CHATTANOOGA, Tenn. — In a defeat for organized labor in the South, employees at the Volkswagen plant here voted 712 to 626 against joining the United Auto Workers (UAW), even though the company did not oppose the unionization drive.
The UAW’s loss — in what was one of the most closely watched unionization votes in decades — is expected to slow, perhaps stymie, the union’s plans to organize other auto plants in the South. Two other German-owned plants, Mercedes-Benz in Alabama and BMW in South Carolina, have been among its top targets.
The loss now makes it even harder for the union to recruit members at those other factories, a key priority of departing UAW President Bob King. He has said that the union has no long-term future if it can’t organize the Southern plants.
“It is pretty devastating” for the union, said Kristin Dziczek, director of the labor and industry group at the Center for Automotive Research, an industry think tank in Michigan. “If this was going to work anywhere, this is where it was going to work.”
- School board rebukes Bellevue football program; possible two-year ban for coach Butch Goncharoff
- This drone footage of inside Bertha’s tunnel is like something out of ‘Star Wars’
- Mayor, Chris Hansen denounce misogynistic comments over council arena vote
- Five veteran Seahawks whose roles could be most impacted by additions from the NFL draft
- How the Seahawks got two first-round picks in the NFL draft
Most Read Stories
The vote this week came in a region that is traditionally anti-union, and as a result many said the UAW faced an uphill battle. The union saw the campaign as a vital first step toward expanding in the South, while Republicans and many companies in Tennessee feared that a UAW triumph would hurt the state’s welcoming image for business.
For the union, the effort occurred with one highly unusual — and highly favorable — circumstance. Unlike most American companies, Volkswagen did not oppose the unionization drive, pledging to remain neutral and in ways offering quiet support to the union.
Nevertheless, Republican politicians in Tennessee and some outside conservative groups made sure that the plant’s nearly 1,600 workers heard plenty of anti-union arguments.
Gov. Bill Haslam, a Republican, warned that auto-part suppliers would not locate in the Chattanooga area if the plant was unionized. Sen. Bob Corker, a Republican and former mayor of Chatanooga, said Volkswagen executives had told him the plant would add a new production line, making SUVs, if workers rejected the union. That was denied by a VW executive in Tennessee.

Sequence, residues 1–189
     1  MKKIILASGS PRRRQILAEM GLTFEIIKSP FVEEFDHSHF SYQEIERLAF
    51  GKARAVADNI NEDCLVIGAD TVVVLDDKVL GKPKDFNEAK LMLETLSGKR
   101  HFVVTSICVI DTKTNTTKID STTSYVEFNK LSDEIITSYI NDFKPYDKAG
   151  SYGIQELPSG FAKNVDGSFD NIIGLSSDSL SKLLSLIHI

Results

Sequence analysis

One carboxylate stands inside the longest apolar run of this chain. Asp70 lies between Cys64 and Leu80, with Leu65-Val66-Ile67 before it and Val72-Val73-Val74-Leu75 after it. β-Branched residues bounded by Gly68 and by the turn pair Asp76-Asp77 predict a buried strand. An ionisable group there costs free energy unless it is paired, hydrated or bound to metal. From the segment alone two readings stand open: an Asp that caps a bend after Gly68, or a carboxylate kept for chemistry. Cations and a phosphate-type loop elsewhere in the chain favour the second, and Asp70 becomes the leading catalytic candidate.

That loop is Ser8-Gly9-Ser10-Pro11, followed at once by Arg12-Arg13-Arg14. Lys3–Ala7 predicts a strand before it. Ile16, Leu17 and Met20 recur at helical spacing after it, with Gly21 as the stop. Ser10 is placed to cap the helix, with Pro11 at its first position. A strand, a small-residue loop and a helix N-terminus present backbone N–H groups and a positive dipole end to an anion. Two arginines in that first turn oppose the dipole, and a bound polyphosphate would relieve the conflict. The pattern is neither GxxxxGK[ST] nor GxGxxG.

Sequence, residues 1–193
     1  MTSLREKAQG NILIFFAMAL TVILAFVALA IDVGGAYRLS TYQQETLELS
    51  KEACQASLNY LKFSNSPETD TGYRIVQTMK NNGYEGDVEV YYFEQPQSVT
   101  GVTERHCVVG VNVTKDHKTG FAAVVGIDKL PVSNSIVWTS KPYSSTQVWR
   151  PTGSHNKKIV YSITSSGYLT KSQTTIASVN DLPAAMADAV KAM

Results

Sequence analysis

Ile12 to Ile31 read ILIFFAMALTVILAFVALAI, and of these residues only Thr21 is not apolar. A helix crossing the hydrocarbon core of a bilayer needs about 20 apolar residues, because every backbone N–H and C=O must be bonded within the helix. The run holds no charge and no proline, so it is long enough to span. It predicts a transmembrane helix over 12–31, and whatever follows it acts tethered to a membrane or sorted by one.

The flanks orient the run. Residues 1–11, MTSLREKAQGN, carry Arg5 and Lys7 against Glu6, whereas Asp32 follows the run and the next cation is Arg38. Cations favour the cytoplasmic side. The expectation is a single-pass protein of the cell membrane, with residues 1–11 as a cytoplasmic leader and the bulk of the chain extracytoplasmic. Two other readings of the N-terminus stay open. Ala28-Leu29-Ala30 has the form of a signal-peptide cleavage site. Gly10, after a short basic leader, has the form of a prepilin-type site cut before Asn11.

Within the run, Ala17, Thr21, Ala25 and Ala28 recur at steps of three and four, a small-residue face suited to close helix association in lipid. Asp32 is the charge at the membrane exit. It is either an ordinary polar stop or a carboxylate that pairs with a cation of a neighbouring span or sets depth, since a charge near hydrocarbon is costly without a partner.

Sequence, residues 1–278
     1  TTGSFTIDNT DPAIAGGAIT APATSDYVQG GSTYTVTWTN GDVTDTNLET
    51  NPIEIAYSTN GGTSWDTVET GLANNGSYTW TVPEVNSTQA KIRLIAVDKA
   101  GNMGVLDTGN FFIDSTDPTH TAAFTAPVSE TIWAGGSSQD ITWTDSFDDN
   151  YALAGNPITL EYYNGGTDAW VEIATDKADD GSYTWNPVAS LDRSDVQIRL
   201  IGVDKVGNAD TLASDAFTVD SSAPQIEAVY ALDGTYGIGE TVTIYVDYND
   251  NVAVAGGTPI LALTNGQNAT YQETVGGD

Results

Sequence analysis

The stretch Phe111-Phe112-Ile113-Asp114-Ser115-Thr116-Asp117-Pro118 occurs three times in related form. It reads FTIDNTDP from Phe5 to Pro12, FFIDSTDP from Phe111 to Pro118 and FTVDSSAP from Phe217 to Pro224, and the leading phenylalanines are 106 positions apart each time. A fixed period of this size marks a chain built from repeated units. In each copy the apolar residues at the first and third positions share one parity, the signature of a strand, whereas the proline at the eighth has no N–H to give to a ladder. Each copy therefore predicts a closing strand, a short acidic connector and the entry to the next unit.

In a news conference and a series of interviews this week, Corker also asserted that a union victory would make Volkswagen less competitive and hurt workers’ living standards.
To step up the pressure, state Sen. Bo Watson, who represents a suburb of Chattanooga, warned that the Republican-controlled Legislature was unlikely to approve further subsidies to Volkswagen if the workers embraced the UAW, a threat that might discourage the company from expanding.
Volkswagen officials had urged “third parties” to remain neutral and stay out of the unionization battle. Grover Norquist, the anti-tax crusader, helped underwrite a new group, the Center for Worker Freedom, that put up 13 billboards, warning that the city might become the next Detroit if the workers voted for the UAW.
Volkswagen publicly did not oppose the UAW, partly because its officials were eager to create a German-style works council, a committee of managers and blue-collar and white-collar workers who develop factory policies on issues like work schedules and vacations.
Volkswagen, which has unions and works councils at virtually all its 105 other plants worldwide, views such councils as crucial for improving morale and cooperation and increasing productivity.
Many legal experts say it would be illegal to have a works council unless workers first voted to have a union. VW wanted Chattanooga to be the first plant in the United States to have a works council.
Gary Casteel, a UAW regional director who headed organizing efforts at the plant, hinted that the union may challenge the election results with the National Labor Relations Board.
“We think that it’s unfortunate that there was some outside influence exerted into this process,” Casteel said Friday night. “There are still some issues that have to be sorted out about this election, and we’ll let the people that do that evaluate the impact of others and whatnot further down the road.”
Material from The Associated Press is included in this report.